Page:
That direct relationship with users coupled with all the data and behavioral traits gleaned from their social activity makes all the difference.
"Traditional networks, as they are, are the ones that are really going to hurt here because they don't have that first-party relationship with the consumer... That's one of the key differentiators to bring to marketers," says Albright, who previously founded Quattro Wireless, a mobile ad network that was acquired by Apple in 2010.
"This isn't growth obviously in usership, because we knew consumers were accessing these platforms on mobile. It's the turnaround in getting the advertisers to follow the users and get them more comfortable advertising on mobile platforms and through mobile media," says Altimeter Group analyst Rebecca Lieb.
History Repeats Itself on Social Ads
"What I do see happening is something that we saw happening 15 to 20 years ago at the dawn of digital, which is that all of these users were rushing towards the Internet and advertisers were very tardy in following them. Even though we knew it was where people were it wasn't where advertisers' skill sets were, comfort zone, understanding best practices, all of that stuff that has to grow up around new platforms," Lieb says.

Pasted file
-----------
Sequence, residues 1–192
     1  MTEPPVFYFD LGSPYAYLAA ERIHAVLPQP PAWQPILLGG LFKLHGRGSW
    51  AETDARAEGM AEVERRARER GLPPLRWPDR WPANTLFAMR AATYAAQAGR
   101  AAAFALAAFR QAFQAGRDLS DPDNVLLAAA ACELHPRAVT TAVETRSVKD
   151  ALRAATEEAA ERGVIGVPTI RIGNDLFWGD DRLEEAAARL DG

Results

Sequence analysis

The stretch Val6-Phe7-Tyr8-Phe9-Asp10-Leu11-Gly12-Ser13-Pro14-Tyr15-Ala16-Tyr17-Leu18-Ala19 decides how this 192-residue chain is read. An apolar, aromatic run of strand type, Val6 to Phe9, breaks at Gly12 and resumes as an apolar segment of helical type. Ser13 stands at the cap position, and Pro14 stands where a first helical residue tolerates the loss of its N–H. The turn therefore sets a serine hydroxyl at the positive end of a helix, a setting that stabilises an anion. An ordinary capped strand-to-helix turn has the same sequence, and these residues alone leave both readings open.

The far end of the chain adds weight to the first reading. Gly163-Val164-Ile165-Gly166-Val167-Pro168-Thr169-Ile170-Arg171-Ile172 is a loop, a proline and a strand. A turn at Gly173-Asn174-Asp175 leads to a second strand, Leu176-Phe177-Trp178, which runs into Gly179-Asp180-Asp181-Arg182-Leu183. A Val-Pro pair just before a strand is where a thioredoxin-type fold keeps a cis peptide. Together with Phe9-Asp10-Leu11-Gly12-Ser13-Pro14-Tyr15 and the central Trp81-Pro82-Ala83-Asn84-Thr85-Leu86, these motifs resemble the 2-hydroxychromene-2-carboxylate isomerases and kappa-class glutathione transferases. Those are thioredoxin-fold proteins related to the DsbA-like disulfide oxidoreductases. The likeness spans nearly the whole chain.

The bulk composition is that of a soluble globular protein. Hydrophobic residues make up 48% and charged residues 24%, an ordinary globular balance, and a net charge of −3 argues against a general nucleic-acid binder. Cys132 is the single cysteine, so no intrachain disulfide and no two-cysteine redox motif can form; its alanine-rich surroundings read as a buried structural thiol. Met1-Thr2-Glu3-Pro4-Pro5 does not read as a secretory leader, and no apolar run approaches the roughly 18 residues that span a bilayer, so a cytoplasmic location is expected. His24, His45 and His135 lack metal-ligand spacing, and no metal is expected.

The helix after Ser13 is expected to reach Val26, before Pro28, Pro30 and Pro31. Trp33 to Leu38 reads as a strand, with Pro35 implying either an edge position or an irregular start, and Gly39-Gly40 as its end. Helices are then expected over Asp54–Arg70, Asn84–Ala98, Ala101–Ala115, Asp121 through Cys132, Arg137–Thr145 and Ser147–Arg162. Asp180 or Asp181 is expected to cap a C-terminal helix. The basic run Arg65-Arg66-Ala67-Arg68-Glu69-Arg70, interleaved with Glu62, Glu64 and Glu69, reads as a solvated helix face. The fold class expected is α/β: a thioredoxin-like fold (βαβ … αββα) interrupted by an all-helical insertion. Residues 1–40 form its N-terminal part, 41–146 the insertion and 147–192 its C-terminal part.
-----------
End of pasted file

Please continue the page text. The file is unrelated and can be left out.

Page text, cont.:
"I'm fond of saying that just because television was invented one day, it doesn't mean the 30-minute sitcom came along a week later. I think we're seeing that happen with mobile -- it's there, the users are on it, what do we as advertisers and as marketers do with it?" Lieb says.
Direct marketers are leading the charge in social advertising just as they did in the early days of online. "But in order to really monetize platforms, you need brand advertisers. That's where the money is you know, the CPGs (consumer packaged goods) and the automotives of the world," says Lieb.
"People tend to go on Facebook and mobile platforms the way that people use mobile a lot, which is kind of as a time-waster. You use mobile when you're in line, when you're commuting, when you're waiting for something. It's not what we all use when we're sitting at our desks doing our jobs," she says. "So it's about not being interruptive, it's about being informative and interesting. It's really a dimension of content marketing, which is the marketing of attraction much more so than it is the marketing of interruption."